After the successful first run the final stage of the upgrade
was to swap the head for the ported item and the Piper
285 Cams that I had bought from a place based in Scotland,
which I found on the internet, called Need
For Speed. They offered the cams at the maximum discount
level that Piper allow, 10%, and have them delivered direct
from them. I called them up and they were very helpful in
ensuring that I got the correct cams for my engine.
To allow the swapping of the cylinder head I had to collect
a few parts which would need replacing, the head gasket,
head bolts and thermostat housing gasket.
This meant a visit to my local Ford dealership. Look out
here comes a rant!
Why have parts departments become
so amazingly unhelpful? I am sure they are trying to improve
things with their computerised systems that link everything
back to a chassis or registration number. In fact, if I
had an everyday tin-top I would be glad of such a system
and its ability to specify the particular part. However,
what I really do get annoyed about is their inflexibility
when it comes to simple requests for parts when you dont
have a cars identity to give them.
Whats the registration, Sir?
It wont help you
Well, do you have a VIN number?
Yes, thank you, but it wont help you either
I cant look it up without them
I just want the parts for a pre-96 2.0lt Zetec
Do you have the engine number?
Yes, but it isnt a Ford number you dont
mark your new service engines
Dont tell me this is for a kit car?
Yes, it is
Oh, they are such a pain, always wanting parts for
this or that
Well excuse me for trying to spend money with you!
And so it went on. Eventually I managed to persuade the
helpful staff member to look up the parts I
wanted the old fashioned way and after accepting
the I cant guarantee they are the right parts
speech I finally got my parts, although not before I got
the comment that comes to quite a lot, you could buy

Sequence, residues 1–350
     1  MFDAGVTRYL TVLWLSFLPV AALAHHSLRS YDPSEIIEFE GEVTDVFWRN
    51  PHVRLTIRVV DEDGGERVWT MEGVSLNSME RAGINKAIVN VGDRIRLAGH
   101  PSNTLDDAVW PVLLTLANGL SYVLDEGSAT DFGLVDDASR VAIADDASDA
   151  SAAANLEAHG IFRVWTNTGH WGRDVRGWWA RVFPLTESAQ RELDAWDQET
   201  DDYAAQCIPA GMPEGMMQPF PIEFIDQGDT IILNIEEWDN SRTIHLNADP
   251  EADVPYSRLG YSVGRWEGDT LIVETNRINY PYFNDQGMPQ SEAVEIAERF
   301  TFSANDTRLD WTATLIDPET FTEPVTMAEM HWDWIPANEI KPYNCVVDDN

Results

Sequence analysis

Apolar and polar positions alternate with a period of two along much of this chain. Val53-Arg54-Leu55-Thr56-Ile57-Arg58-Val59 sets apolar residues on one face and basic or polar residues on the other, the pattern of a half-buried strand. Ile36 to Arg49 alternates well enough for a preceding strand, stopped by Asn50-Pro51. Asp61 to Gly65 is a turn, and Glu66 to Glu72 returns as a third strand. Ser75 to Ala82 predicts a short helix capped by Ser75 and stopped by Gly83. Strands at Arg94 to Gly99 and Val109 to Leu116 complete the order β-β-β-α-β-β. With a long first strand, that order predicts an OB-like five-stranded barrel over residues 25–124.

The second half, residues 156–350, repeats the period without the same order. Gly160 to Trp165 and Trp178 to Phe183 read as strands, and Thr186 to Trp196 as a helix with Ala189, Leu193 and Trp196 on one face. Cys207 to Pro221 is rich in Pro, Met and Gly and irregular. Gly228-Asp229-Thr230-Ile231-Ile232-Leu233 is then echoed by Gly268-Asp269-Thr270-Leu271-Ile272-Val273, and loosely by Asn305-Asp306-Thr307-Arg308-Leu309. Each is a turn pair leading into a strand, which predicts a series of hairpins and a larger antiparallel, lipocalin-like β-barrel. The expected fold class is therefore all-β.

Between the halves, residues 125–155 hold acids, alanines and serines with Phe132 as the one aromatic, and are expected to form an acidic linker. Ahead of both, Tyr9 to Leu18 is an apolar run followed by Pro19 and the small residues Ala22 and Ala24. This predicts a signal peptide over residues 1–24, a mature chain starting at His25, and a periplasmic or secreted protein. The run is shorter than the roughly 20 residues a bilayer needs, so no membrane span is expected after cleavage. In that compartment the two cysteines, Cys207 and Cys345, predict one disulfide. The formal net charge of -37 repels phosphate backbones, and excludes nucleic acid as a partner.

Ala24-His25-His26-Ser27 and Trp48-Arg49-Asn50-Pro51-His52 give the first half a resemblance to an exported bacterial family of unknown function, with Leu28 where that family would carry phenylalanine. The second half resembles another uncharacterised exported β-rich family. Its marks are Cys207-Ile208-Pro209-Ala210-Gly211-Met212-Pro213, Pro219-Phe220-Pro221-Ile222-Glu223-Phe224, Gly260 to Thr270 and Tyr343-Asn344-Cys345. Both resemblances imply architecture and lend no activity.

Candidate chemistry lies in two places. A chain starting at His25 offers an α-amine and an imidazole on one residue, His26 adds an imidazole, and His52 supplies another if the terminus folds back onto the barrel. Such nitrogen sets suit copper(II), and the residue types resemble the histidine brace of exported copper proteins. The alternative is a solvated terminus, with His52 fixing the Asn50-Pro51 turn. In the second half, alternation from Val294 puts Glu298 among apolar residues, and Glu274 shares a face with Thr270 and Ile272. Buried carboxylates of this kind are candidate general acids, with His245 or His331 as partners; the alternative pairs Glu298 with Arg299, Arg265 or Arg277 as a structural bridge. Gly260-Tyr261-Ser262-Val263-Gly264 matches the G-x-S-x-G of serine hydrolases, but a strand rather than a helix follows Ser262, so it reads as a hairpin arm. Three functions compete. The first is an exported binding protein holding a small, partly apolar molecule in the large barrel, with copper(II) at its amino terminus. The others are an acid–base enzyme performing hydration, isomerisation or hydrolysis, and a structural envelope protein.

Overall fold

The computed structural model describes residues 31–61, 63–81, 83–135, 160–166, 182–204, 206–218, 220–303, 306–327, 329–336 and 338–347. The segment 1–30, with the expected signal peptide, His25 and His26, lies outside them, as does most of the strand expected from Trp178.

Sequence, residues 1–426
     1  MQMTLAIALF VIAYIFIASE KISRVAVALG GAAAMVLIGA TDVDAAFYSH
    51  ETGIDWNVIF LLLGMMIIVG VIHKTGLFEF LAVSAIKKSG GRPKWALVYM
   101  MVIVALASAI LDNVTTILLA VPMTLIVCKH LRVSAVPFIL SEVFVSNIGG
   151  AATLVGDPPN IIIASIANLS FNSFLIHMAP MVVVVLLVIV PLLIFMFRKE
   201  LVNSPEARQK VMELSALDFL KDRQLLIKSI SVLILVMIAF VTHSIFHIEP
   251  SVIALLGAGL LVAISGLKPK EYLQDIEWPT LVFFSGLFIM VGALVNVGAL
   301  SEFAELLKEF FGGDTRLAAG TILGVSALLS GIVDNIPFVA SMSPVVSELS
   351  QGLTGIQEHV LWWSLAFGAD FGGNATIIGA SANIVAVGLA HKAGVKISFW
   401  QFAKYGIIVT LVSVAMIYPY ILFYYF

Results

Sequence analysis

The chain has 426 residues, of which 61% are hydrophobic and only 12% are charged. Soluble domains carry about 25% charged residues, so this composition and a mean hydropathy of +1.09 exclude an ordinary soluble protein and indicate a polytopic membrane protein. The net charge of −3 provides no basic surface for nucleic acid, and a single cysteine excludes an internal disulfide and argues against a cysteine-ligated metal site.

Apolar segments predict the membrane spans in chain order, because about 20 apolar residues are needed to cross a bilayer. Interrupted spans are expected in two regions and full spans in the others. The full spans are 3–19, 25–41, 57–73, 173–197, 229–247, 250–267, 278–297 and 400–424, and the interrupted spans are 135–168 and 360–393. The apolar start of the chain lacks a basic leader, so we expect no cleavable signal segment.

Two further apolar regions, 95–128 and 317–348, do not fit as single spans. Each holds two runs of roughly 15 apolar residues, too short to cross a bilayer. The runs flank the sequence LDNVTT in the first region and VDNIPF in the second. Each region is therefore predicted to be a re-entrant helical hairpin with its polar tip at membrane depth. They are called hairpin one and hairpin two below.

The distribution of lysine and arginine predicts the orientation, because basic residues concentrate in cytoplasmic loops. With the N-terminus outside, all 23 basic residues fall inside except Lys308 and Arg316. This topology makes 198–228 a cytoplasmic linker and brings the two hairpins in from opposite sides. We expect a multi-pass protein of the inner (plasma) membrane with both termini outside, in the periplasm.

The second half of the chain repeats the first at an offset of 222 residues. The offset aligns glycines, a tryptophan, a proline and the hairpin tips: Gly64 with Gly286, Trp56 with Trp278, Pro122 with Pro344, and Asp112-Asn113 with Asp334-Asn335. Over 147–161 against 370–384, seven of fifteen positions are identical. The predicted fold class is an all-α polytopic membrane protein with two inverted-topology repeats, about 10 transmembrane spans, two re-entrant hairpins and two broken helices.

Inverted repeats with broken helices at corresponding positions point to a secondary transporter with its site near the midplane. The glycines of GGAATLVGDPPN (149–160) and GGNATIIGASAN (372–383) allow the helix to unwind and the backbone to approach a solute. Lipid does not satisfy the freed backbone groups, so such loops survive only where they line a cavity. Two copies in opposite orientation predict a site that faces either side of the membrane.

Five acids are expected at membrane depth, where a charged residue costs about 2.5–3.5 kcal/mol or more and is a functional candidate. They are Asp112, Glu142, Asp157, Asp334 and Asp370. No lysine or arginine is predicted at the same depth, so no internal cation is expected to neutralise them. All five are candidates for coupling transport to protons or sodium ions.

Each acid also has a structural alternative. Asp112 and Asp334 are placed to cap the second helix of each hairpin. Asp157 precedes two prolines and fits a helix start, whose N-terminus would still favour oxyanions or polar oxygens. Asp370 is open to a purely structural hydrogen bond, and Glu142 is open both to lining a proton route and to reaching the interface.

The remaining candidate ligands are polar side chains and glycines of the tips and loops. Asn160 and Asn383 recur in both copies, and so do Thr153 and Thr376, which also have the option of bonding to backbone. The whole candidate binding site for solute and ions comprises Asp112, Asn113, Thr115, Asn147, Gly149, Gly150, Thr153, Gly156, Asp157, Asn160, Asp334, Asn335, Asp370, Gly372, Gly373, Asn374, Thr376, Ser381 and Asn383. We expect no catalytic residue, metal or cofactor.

a whole car for that. I personally found that hard
to believe as the total bill was only £60 so I made
sure to add the comment not as fast as mine you cant
as I walked out. I thought it was only Halfords that were
that unhelpful maybe its a job share scheme.
Anyway, thats my rant over. With new gaskets and
head bolts to hand I took the inlet and exhaust manifolds
off, drained the water system down and removed the water
rail. The cam cover could then be removed and the spark
plugs removed. Before I removed the old cams I set the engine
to 90 degrees before TDC, so that all the pistons were half
way up/down the cylinders. I took the cam belt off and then
carefully released each of the cam bearing caps a little
at a time. I then used a tool that Brent had kindly lent
me for holding the cam pulley still, undid the centre bolts
and removed the pulleys. I continued to undo the bearing
caps and once they were sufficiently released I lifted the
caps off in order and lifted out the cams.
The head bolts were then slackened off gradually and then
removed and the head lifted off. I gave the tops of the
pistons a clean and then used a dial indication gauge to
accurately set Top Dead Centre which could then be used
later when setting the lift of the cams. I marked the position
on the crank pulley against the pointed provided on the
After cleaning the top of the block I took two of the old
head bolts and cut the head off and then cut a screwdriver
slot in the top. These were fitted in a couple of positions
so that the new head could be lowered down square to the
block. These bolts could then be unscrewed and removed.
New bolts were then fitted and torqued down according to
the Haynes manual.
I fitted the hydraulic followers from the original head
(they had done very few miles after all) and then fitted
the new cams, ensuring to get them the correct way around.
Before doing this I rotated the engine back to 90 degrees
before TDC (to ensure all the pistons were well out of the
way of any valves) and the cams had to be liberally coated
with cam lube, a special lubricant that prevents the cams
being damaged during their initial running, before they
bed in. The cam bearing caps that came with the head were
then fitted in the correct locations (they are matched to
their particular positions). I loosely fitted the pulleys
and then rotated the cams so that the initial timing bar
could be fitted in the slots in the rear end (this is the
same as the standard cam timing method). With the cams approximately
timed I rotated the crank forward to the TDC mark I made
earlier and fitted a new cam belt and tensioned it. I then
set up a DTI with a plunger extension resting on the follower
so that it registered the amount of lift generated on the
valve by the cam. I had been given the amount of lift at
TDC to achieve by Brent, 0.120 inlet and 0.100
for the exhaust. The process was to rotate the cam I was
working on to the required amount whilst the engine was
at TDC, tighten the pulley and then check the setting by
rotating the engine back before bringing it back forward
to TDC once it repeatedly registered the correct
amount I was satisfied and moved onto the other cam, which
had been at the default setting whilst setting the first